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This is a good question, because it really made me sit back and think about what I have been doing with characters. And I realized something I never figured out before.

I don't have minor characters.

Sure, I have characters who may be minor during a particular story, but there are no such things as a minor characters in my current project. Any character with a name is a major character. (For those who are up to date in my AAR, a certain sailor will get his name and major character status shortly.) This means I have yet to truly have a minor character "get out of hand" and start a life of his own. This bears further analysis for later. Makes mental note

As for my emotional attachment to characters and stories, I rarely let it get in the way of the planned direction of a story. In fact, in many ways, the reason I love a particular story or character is because of what WILL happen. Example: Juanita, queen of Castile, was a wonderful woman. She was smart, attractive, and loyal to her husband. I also had planned for her to die giving birth to an only son for her husband since day one. This future death actually made me MORE fond of her, and I put more effort into her. In retrospect, I think I occasionally gave her a more "pleasant" light because I knew she was going to die.

The same goes for story segments. The Kurtz Story in my AAR was fun to write precisely because I knew how it would end. Some of the details were fuzzy, but I knew he had to accept redemption. This meant that I had some real attachment to that story and had no real intention of changing its outcome, no matter how repulsive I made Kurtz or how dark the setting got.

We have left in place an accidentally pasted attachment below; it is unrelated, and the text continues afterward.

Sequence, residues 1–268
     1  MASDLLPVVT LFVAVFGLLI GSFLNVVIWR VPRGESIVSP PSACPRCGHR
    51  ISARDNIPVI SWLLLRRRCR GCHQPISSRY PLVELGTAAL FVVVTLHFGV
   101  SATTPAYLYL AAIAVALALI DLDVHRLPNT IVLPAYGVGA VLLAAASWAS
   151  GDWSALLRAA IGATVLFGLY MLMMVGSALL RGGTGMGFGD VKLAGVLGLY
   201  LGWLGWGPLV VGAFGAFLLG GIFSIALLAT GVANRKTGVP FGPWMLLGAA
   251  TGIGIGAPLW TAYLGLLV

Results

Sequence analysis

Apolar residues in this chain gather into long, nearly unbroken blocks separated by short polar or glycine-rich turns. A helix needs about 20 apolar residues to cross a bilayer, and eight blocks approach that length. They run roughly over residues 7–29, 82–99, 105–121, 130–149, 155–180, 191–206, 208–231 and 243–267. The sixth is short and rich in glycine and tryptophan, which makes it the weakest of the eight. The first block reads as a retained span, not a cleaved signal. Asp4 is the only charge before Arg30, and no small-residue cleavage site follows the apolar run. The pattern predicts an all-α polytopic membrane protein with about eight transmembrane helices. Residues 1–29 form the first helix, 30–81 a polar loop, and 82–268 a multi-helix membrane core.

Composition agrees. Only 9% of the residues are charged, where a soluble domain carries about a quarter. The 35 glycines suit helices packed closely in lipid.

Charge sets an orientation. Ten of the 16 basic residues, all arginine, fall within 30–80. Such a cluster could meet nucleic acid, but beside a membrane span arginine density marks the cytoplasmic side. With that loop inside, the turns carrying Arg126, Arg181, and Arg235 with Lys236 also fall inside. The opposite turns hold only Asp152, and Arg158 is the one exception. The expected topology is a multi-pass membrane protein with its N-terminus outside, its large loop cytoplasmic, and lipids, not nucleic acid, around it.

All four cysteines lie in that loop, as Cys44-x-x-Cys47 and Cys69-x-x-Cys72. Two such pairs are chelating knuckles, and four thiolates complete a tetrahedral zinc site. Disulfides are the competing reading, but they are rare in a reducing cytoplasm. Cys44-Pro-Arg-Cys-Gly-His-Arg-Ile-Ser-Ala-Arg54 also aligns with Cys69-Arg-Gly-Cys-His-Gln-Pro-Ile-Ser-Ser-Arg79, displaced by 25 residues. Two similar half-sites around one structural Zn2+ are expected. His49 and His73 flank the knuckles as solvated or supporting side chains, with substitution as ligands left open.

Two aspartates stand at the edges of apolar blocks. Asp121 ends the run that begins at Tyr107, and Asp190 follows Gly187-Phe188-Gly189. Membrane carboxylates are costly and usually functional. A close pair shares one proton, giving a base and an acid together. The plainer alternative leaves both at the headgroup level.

On the other hand, I often give my characters alot of "wiggle room" in their developement. I think I can get away with this because I know what a particular plot will demand. Thus, I put characters into the story and let them naturally work themselves out. For example, I knew Isabella would end up becoming a bloody tyrant; however, she did some of the developing herself in order to become that tyrant. The same can be said of my dear Carlos. His death has been planned for about a year and a half now, and he has been steadily working to that point.


I also agree that you must be involved with your stories and characters (hell, your settings and themes too!) in order for them to work. The reason why is very simple: have you ever seen someone at your workplace who hates their job? They don't do a very good job, do they? The work is substandard and uninspired. (Those who have seen the movie Office Space can see this in exemplary form.) On the other hand, someone who loves their job will do well at it (even if they are not perfect at it) and it shows in the extra lengths they go to. The same goes for writing. If you love your characters and stories, then you will put the effort into them to do them well. This doesn't mean you will win the Pulitzer Prize (none of us will, I imagine). but you will do a better job than if you didn't like it.